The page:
In a sense, you could say I created my own hell, but it's kind of the nature of this business. It's the same thing with a movie star who's known for action movies. You can't make a decent action movie unless you spend at least $150 to 200 million filming it. People come to expect certain things at my shows, and it those things are expensive to take on the road. If they are not there, the audience is going to be bummed and might not come back. I'm not complaining boo-hoo about the money. It's just the nature of it all. It's expensive to take out a tour with all the production involved. There are crews, buses, hotels and other considerations that go into these shows night after night. Hell, even rock videos started getting insane with the prices directors wanted to charge. It's hard to get them made for cheap anymore .They are extremely overpriced, and it's hard to make them nowadays, even harder to get them played. Unfortunately, you still need them into today's business world.

JAM: Could Rob Zombie play with a bare stage?

I could do it, and we have done that. We've played huge festivals where all we did was walk out on stage with our equipment and play. It's not like I couldn't do it, I just don't think the audience would like it. There first reaction would be, "What the fuck!"

JAM: Has the downward cycles, consolidations and trends of the business made it difficult to keep Rob Zombie in the game, so to speak?

Nothing has ever been particularly easy for me. Music has always been hard work. Basically, by not ever being the hip thing at the moment, I have been unhip.

JAM: You are somewhat notorious for taking your time between album projects. For most acts, that would be tantamount to career suicide. You have gotten away with it?

Listen, of course people forget you fast in this business. I'm well aware of what you're saying. I used to always keep track of the catalogue sales of White Zombie records to see which albums were selling strong. The more records we sold of each succeeding album would tell me new kids were buying the product and were interested in what I was doing. You're always hoping to attract both when you create a new record. The balance of keeping the two sides interested is something you really don't have any control over. If you try to act hip with the new kids, you'll end up making yourself a jackass. You kind of just have to do what you do. Your old fans that still like it will stick around. Ozzy is a good example of that. He has young kids that are just getting into him as well as the old fan base from 35 years ago.

JAM: Ever considered using outside writers to help flesh out ideas?

I haven't considered doing it only because I haven't ever been faced with, "Oh my, gosh! I'm out of ideas!" I'm not opposed to anything. It's not like I don't do it because I think it's wrong or anything.

JAM: With all the consolidation going on in the music business, have you sat down with management about what's going on?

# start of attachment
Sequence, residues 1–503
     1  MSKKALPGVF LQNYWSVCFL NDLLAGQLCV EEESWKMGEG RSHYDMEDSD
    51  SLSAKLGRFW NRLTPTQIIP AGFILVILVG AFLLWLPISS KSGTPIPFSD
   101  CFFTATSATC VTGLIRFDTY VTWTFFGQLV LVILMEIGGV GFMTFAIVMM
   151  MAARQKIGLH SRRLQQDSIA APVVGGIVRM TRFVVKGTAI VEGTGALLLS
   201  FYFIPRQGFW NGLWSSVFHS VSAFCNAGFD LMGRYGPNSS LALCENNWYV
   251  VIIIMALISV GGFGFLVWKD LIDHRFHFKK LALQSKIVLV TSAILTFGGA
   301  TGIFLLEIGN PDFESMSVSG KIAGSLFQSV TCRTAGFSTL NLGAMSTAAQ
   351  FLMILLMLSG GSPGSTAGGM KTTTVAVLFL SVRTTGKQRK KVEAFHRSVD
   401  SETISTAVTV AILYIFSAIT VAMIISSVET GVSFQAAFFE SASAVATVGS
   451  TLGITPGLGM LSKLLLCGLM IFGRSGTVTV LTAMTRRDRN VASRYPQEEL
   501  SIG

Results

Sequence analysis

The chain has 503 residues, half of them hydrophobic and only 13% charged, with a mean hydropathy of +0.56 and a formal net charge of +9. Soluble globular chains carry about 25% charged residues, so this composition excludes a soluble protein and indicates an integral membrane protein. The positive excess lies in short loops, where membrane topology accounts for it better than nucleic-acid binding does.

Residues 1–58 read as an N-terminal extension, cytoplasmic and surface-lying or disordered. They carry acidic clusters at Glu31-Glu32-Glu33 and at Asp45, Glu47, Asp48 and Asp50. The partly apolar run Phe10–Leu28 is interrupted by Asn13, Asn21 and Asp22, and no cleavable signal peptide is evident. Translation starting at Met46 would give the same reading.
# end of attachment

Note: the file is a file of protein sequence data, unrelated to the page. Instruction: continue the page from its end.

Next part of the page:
The thing is I don't care. Listen, don't get me wrong, there's no way not to, but what's going on doesn't affect my music. There's nothing that takes place in the music business that could affect what I do. It never has and it never will. If a label ever told me I had to make a record a certain way, I'd say, “Yeah, right, thanks. Fuck you!"

JAM: Are you an entertainer more than a musician?

No, I consider it all art. From the first note of music we play on a record, to making a video or even building an elaborate set design to tour on, it's just one big project for me. I don't even know what to call what I do because basically I just do what I like. I never just change who I am for the sake of it.

JAM: Does anything influence those decisions?

No. I have pretty much been a withdrawn person since I was a little kid. I'm sure world events must seep into my mind subconsciously, but I never feel influenced by what's going on in the world around me.

JAM: Are you a concept kind of guy?

There's no theme for what I do. I have a very fragmented, scattered way of doing things in my brain. Conceptually, I don't really plan out anything from start to finish because I go off in so many different directions. In the end, it just comes together. For the new people that are just working with me, it makes them crazy because it seems like the project is never going to get done, and what we're doing doesn't make any sense.

JAM: Are package tours necessary today?

Personally, I think they are, yeah! MTV and a lot of other factors have killed the business. Unless you go on the road with an overload of support, you're not going to do the business anymore.

JAM: Speaking of MTV, can Rob Zombie even get on that cable station anymore it's changed so much?
MTV no longer follows the concept that originally launched the network. It's all this Real World type shows and whatever reality crap they can come up with..

JAM: You did a Rolling Stone cover shot that was somewhat controversial at the time. Did you have anything to do with the concept? You look like a Charles Manson figure perched in that photo.

That cover was actually shot twice. The picture inside of me with the mummies, the pig's head and the white contact lens, that was the original cover. When the editors at Rolling Stone saw it, they said, “No way! We just want a cover of you sitting there, and nothing else." So, that's what I did. I just basically went in dressed the way I was dressed, sat down, and they took a picture. The first photo took seven hours to put together. The second one was so basic, it was like when you have your picture taken in grade school. You go in, sit down, and you're done. I didn't do anything but sit there, that's what they wanted. It was kind of a bummer.